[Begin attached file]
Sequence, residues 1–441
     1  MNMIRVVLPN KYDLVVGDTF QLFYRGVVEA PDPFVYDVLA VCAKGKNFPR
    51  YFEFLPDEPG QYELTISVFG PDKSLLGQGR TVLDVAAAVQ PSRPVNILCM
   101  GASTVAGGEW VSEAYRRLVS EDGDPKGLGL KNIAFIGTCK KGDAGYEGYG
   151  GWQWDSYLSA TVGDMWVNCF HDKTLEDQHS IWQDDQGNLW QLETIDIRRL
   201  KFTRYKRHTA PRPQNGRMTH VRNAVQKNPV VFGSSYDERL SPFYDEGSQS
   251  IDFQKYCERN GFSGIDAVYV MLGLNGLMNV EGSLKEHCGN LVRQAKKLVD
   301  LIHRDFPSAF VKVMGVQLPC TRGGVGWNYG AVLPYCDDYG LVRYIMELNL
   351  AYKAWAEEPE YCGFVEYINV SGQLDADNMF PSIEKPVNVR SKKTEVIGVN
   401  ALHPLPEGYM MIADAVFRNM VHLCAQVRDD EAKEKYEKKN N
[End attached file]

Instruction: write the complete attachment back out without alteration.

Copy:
Sequence, residues 1–441
     1  MNMIRVVLPN KYDLVVGDTF QLFYRGVVEA PDPFVYDVLA VCAKGKNFPR
    51  YFEFLPDEPG QYELTISVFG PDKSLLGQGR TVLDVAAAVQ PSRPVNILCM
   101  GASTVAGGEW VSEAYRRLVS EDGDPKGLGL KNIAFIGTCK KGDAGYEGYG
   151  GWQWDSYLSA TVGDMWVNCF HDKTLEDQHS IWQDDQGNLW QLETIDIRRL
   201  KFTRYKRHTA PRPQNGRMTH VRNAVQKNPV VFGSSYDERL SPFYDEGSQS
   251  IDFQKYCERN GFSGIDAVYV MLGLNGLMNV EGSLKEHCGN LVRQAKKLVD
   301  LIHRDFPSAF VKVMGVQLPC TRGGVGWNYG AVLPYCDDYG LVRYIMELNL
   351  AYKAWAEEPE YCGFVEYINV SGQLDADNMF PSIEKPVNVR SKKTEVIGVN
   401  ALHPLPEGYM MIADAVFRNM VHLCAQVRDD EAKEKYEKKN N